The bones have been studied since their discovery in 1915. The collection was
the largest available skeletal population from a single community and was large
enough to be statistically significant. As a result we have learned about the
influence of diet and disease on populations. We know more about osteoporosis,
head injuries, and the development of dental cavities. This was brought to an
end upon return of the collection when the bones were covered in earth. We can
learn nothing further from these bones.

The Kennewick Man found on a riverbank in Washington state in 1996 is one of
the most important skeletons to be found, but it cannot at present be examined.
Initial radiocarbon samples showed the bones to be around 9,500 years old, proving
the skeleton to be of Paleo-Indian age, and one of the oldest prehistoric individuals
to be found in North America. Preliminary analysis suggested the bones were
not American Indian but possibly European. Before further research could be
done the bones were confiscated. Under NAGPRA any human remains found in North
American that predate Columbus (1492), no matter how old the bones are, are
considered American Indian.

The case has been contested by anthropologists who have gone from court to
court asking to be allowed to examine the skeleton. Early this year a federal
judge denied the motion that had put their investigations on hold. Scientists
and historians held their breath eager to start work only to have their hopes
dashed a month later with another court hearing blocking the study of the bones.
Eight years after the discovery of an amazing piece of history, it still cannot
be investigated.

Legislation backing the right of one group to decide prevents us all from ever
finding out more, or challenging what we think we know. In the name of protecting
ancient and sacred beliefs, what ought to be a rational legal system is blocking
the furthering of our knowledge of humanity.

At the heart of the battle is the idea that a group identity owns the sole
rights to investigate the past and can prevent all others from doing so. Yet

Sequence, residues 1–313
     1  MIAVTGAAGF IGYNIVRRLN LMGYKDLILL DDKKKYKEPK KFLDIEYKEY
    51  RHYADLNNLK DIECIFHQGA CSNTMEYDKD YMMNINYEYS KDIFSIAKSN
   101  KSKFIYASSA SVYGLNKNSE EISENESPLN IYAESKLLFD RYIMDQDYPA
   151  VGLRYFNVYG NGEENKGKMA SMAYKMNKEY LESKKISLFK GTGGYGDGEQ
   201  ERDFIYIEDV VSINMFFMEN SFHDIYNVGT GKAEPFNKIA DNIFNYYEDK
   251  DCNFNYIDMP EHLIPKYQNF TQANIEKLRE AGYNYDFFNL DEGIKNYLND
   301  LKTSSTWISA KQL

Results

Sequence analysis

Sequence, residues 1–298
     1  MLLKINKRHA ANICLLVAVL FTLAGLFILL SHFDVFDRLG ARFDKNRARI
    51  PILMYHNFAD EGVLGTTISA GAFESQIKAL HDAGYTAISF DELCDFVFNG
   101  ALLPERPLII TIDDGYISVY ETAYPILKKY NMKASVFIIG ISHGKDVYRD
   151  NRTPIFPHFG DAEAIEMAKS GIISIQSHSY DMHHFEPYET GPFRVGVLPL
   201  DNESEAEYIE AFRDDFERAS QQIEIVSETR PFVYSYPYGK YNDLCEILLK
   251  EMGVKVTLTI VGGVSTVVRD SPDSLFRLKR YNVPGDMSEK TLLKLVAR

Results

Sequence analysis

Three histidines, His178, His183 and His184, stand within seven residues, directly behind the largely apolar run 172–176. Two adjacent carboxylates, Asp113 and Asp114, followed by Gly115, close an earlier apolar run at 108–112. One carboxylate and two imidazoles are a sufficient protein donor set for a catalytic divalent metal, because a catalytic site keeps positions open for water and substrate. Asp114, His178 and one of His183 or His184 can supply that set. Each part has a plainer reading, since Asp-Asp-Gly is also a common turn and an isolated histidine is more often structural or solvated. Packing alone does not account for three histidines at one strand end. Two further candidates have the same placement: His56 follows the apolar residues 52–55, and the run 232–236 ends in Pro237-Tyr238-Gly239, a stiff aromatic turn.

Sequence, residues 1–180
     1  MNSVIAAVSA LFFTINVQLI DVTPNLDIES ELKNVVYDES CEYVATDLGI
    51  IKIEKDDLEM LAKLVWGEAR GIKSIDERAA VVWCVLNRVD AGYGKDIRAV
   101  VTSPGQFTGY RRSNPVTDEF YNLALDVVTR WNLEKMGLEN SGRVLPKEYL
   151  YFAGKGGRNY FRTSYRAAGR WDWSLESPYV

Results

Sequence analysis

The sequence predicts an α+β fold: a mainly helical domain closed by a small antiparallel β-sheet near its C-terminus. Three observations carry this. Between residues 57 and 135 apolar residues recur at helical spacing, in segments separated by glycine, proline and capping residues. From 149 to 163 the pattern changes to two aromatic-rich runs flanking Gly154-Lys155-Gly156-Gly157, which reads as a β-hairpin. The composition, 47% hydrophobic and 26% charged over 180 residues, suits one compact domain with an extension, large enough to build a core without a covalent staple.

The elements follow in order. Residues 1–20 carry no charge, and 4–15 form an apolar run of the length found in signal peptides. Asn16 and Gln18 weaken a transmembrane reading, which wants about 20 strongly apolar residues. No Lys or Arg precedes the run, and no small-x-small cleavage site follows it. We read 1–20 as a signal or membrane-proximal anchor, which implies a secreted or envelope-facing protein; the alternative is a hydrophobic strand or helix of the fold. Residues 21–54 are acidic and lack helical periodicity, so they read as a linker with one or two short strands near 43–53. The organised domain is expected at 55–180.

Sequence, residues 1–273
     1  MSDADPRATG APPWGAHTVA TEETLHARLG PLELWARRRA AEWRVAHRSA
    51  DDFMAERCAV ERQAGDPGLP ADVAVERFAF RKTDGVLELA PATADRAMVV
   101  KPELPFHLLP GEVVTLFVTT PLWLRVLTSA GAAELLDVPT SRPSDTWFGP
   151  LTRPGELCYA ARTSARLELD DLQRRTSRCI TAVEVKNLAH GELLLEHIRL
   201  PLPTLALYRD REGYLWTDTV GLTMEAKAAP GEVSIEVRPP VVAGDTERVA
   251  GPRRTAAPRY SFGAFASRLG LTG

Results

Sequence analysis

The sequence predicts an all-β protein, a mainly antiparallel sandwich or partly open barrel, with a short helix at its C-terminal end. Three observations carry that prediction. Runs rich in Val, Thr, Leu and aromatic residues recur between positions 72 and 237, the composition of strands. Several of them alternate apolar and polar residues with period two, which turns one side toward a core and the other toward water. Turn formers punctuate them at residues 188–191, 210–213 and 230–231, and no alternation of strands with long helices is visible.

the very idea of fixed groupings and cultural continuity over thousands of years
is a flawed supposition. The history of human beings is not one of separate
and permanent cultures, but one of continual migration, amalgamation, fission
and disintegration. Neither people nor language, and certainly not geographic
location remain stable for more than a small period of time. The idea that there
is a clear link to thousands of years ago is fundamentally wrong. It also advances
notions of fixed and separate races that should not be tolerated today. These
are ideas that science and a rational understanding of history have proven incorrect.

The idea that one group should dictate to others what can and cannot be investigated
is a serious and dangerous problem for all. The collections should belong to
the world rather than any one group. That one group can censor and obscure access
to knowledge on the basis of an identity from hundreds or thousands of years
ago, is seriously wrong and threatens the future of ideas and understanding.

At last years Museums Association conference, Rodney Dillon exclaimed in his
keynote address, ‘We have no clean water, there is petrol sniffing and crime
is rife.’ It was a moving speech that filled me with outrage. But he used this
terrible situation to argue that the bones should be returned and buried. ‘It
is no good worrying about the future, we need to think about the past,’ he claimed.

Destroying history, understanding, and knowledge is not the solution to the
very serious problems of this community. Indeed there is a great danger in rooting
today’s pressing problems in the bones from thousands of years ago. The current
circumstances of aborigines need to change in the here and now. Worrying about
the past only obscures the nature and urgency of the problems.

The UK working group is eager to send the bones back. Members admit their recommendations
will be "anti-scientific" but those in the nervous and unconfident
museum profession welcome an opportunity to improve their image. They feel that
they can benefit from this gesture. At a recent meeting on the bones someone
from the Heritage Lottery Fund declared we ‘need to understand the spiritual
role of these objects and sacred artefacts that can help us find our place.’
It seems that many are turning their backs on the scientific project of making
new discoveries, and instead want to find new meaning in old myths.

Secrets at our fingertips about the past are being covered up. The opportunity
to explore and ask questions of our ancestors, to reaffirm or challenge conventional
views, to evaluate what we discover against what we have been led to believe,
is at stake. Those in charge of cultural institutions should not turn their
backs on their responsibility to honour access to knowledge, for the sake of
humanity’s past and all our futures.

Tiffany Jenkins is a director at the Institute of Ideas.